Alvarez De Lorenzana J. M. (2000) Closure, open systems, and the modeling imperative. In: Chandler J. & Van de Vijver G. (eds.) Closure: Emergent organizations and their dynamics. New York Academy of Sciences, New York: 91–99.
Natural systems cannot be closed to the environment. At the same time there is a necessity for closure in order to build the system. It is this quintessential tension between openness and closure that drives systems to unfold into further stages or levels of growth and development. In other words, the emergence of organization in natural systems is a result of cycles of openness and closure. There are two distinct and complementary ways by which a system will carry over closure while involved in a process of expansion across the environment. These two ways need to be expressed in any formal representation: (1) within a level this will be by means of transitive closure, which is additive; and (2) between levels (i.e., from one level to the next higher level) this requires algebraic closure, which is multiplicative. The former expresses space closure, whereas the latter expresses topological or time closure. The conjunction of these two closures generates a hierarchy of levels. Prior to, and outside of, the system lies semantic closure.
Bitbol M. (2012) Downward causation without foundations. Synthese 185(2): 233–255.
Emergence is interpreted in a non-dualist framework of thought. No metaphysical distinction between the higher and basic levels of organization is supposed, but only a duality of modes of access. Moreover, these modes of access are not construed as mere ways of revealing intrinsic patterns of organization: They are supposed to be constitutive of them, in Kant’s sense. The emergent levels of organization, and the inter-level causations as well, are therefore neither illusory nor ontologically real: They are objective in the sense of transcendental epistemology. This neo-Kantian approach defuses several paradoxes associated with the concept of downward causation, and enables one to make good sense of it independently of any prejudice about the existence (or inexistence) of a hierarchy of levels of being.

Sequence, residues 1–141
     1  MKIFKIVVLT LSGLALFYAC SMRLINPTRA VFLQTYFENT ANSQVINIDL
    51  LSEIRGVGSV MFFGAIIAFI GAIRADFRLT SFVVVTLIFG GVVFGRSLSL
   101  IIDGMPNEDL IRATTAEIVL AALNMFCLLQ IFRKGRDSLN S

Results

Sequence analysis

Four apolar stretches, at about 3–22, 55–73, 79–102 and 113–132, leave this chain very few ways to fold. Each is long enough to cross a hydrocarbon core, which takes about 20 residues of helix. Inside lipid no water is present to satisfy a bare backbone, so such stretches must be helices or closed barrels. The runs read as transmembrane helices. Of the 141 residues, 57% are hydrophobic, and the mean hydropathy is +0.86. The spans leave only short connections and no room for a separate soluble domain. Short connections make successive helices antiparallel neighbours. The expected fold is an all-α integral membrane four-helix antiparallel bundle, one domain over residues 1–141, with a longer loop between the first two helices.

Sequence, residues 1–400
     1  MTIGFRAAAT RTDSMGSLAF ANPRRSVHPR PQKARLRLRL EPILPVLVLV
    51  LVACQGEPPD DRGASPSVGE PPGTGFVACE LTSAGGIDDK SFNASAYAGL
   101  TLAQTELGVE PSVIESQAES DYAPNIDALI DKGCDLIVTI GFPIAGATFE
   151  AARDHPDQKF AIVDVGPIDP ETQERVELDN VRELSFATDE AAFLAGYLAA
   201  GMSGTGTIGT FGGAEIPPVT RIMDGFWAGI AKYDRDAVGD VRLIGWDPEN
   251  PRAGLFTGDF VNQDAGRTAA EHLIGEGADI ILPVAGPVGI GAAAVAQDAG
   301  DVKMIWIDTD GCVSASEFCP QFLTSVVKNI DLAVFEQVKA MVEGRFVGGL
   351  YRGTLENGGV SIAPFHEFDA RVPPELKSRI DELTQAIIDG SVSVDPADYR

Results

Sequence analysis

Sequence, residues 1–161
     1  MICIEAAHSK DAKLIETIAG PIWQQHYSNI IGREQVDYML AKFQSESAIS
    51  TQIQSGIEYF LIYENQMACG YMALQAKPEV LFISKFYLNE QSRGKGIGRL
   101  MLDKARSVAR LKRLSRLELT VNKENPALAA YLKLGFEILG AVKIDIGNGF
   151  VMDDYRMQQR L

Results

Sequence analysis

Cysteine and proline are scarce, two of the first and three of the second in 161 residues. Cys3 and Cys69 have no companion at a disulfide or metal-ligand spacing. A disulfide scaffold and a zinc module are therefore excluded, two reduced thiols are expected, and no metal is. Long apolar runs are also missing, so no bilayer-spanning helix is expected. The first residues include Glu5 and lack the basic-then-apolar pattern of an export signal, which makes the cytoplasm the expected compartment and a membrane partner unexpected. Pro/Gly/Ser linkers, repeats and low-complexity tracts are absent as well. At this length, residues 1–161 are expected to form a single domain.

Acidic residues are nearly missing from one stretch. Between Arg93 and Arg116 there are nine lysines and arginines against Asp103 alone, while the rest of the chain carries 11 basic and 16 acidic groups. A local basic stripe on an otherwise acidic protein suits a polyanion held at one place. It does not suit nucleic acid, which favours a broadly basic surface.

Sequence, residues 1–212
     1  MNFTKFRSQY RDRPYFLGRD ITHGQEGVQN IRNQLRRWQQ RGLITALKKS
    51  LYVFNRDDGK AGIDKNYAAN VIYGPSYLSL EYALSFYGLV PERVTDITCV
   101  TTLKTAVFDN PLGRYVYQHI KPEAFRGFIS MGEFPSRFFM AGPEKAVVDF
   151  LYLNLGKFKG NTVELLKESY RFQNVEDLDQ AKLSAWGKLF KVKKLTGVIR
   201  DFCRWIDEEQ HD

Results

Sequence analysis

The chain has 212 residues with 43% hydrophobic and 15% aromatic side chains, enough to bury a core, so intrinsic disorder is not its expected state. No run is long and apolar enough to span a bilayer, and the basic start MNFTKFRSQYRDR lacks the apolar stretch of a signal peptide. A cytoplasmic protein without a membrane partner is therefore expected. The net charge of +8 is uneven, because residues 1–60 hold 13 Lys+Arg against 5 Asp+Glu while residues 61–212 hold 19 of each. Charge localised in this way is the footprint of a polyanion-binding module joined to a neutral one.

Context: Varela’s neurophenomenology was conceived from the outset as a criticism and dissolution of the “hard problem” of the physical origin of consciousness. Indeed, the standard (physicalist) formulation of this problem is what generates it, and turns it into a fake mystery. Problem: Such a dissolution of the “hard problem” is very demanding for researchers. It invites them to leave their position of neutral observers/thinkers, and to seek self-transformation instead. It leaves no room for the “hard problem” in the field of discourse, and rather deflects it onto the plane of attitudes. As a consequence, it runs the risk of being either ignored or considered as a dodge. How can we overcome this obstacle and restore the argumentative impact of neurophenomenology? Method: I propose a metaphysical compensation for the anti-metaphysical premise of the neurophenomenological dissolution of the “hard problem.” Yet, this alternative metaphysics is designed to keep the benefit of a shift from discourse to ways of being - this is the latent message of neurophenomenology. Results: A dynamical and participatory conception of the relation between body and consciousness is formulated, with no concession to standard positions such as physicalist monism and property dualism. This conception is based on Varela’s formalism of “cybernetic dialectic” and on a geometrical model of self-production. It is in close agreement with Merleau-Ponty’s “intra-ontology: an engaged ontological approach of what it is like to be, rather than a discipline of the contemplation of beings. Implications: Taking neurophenomenology seriously implies a radical shift in our way of tackling the “hard problem” of consciousness. There is no question here of theorizing about the neuro-experiential correlation but of including it in a chain of resonance and continuous research that amplifies our lived life. Even metaphysics partakes in this shift. Constructivist content: The article advocates a critical stance towards standard realist approaches to the science and philosophy of mind. A complete reversal of the hierarchy of ontological priorities between physical objects and consciousness is proposed, in the spirit of Husserl’s Crisis of the European Sciences. Then, the obvious but usually overlooked relation between being conscious and knowing consciousness is emphasized. Keywords: Neurophenomenology, phenomenology, consciousness, experience, mind-body problem, quantum mechanics, neutral monism, panpsychism, Merleau-Ponty.